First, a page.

The Max Planck Institute for Physics (MPP) is opening up a new research field. A workshop from November 21 - 22, 2016 will mark the start of activities for an innovative axion experiment. Axions are still only purely hypothetical particles. Their detection could solve two fundamental problems in particle physics: What dark matter consists of and why it has not yet been possible to directly observe a CP violation for the strong interaction.

The “MADMAX” project is the MPP’s commitment to axion research. Axions are so far only a theoretical prediction and are difficult to detect: on the one hand,...

Im Focus: Molecules change shape when wet

Broadband rotational spectroscopy unravels structural reshaping of isolated molecules in the gas phase to accommodate water

In two recent publications in the Journal of Chemical Physics and in the Journal of Physical Chemistry Letters, researchers around Melanie Schnell from the Max...

Im Focus: Fraunhofer ISE Develops Highly Compact, High Frequency DC/DC Converter for Aviation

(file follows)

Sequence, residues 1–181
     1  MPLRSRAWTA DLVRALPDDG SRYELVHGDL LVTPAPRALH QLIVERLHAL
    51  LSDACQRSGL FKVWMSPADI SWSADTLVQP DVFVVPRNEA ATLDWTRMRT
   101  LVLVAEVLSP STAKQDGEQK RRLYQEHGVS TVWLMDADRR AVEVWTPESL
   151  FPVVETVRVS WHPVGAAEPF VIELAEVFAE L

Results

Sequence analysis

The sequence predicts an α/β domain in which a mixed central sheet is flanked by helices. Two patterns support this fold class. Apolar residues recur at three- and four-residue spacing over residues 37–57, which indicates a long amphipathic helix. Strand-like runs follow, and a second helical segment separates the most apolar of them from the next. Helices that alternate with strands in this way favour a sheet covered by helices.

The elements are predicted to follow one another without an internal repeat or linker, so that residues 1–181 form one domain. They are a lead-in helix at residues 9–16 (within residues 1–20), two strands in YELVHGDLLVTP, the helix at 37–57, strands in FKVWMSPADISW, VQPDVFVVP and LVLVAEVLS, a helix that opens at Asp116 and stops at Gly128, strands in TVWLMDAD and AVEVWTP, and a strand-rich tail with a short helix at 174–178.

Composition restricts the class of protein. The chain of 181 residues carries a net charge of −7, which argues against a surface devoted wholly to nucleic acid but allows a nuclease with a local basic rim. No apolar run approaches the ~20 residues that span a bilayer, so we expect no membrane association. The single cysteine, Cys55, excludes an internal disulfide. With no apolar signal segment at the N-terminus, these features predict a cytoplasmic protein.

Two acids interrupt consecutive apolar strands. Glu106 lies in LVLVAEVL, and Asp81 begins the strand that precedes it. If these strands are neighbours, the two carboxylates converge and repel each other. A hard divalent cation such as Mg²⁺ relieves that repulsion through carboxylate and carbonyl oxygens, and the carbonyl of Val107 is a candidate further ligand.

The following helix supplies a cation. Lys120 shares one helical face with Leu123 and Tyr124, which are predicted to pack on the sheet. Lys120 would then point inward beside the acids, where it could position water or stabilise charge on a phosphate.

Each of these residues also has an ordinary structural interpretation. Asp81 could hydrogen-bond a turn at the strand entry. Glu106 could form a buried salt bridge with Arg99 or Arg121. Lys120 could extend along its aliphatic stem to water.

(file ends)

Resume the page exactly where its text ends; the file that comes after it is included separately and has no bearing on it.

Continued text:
The efficiency of power electronic systems is not solely dependent on electrical efficiency but also on weight, for example, in mobile systems. When the weight of relevant components and devices in airplanes, for instance, is reduced, fuel savings can be achieved and correspondingly greenhouse gas emissions decreased. New materials and components based on gallium nitride (GaN) can help to reduce weight and increase the efficiency. With these new materials, power electronic switches can be operated at higher switching frequency, resulting in higher power density and lower material costs.

Researchers at the Fraunhofer Institute for Solar Energy Systems ISE together with partners have investigated how these materials can be used to make power...

All Focus news of the innovation-report >>>

Anzeige

Anzeige

Event News

ICTM Conference 2017: Production technology for turbomachine manufacturing of the future

16.11.2016 | Event News

Innovation Day Laser Technology – Laser Additive Manufacturing

01.11.2016 | Event News

#IC2S2: When Social Science meets Computer Science - GESIS will host the IC2S2 conference 2017

14.10.2016 | Event News

 
Latest News

UTSA study describes new minimally invasive device to treat cancer and other illnesses

02.12.2016 | Medical Engineering

Plasma-zapping process could yield trans fat-free soybean oil product

02.12.2016 | Agricultural and Forestry Science

What do Netflix, Google and planetary systems have in common?

02.12.2016 | Physics and Astronomy

VideoLinks
B2B-VideoLinks
More VideoLinks >>>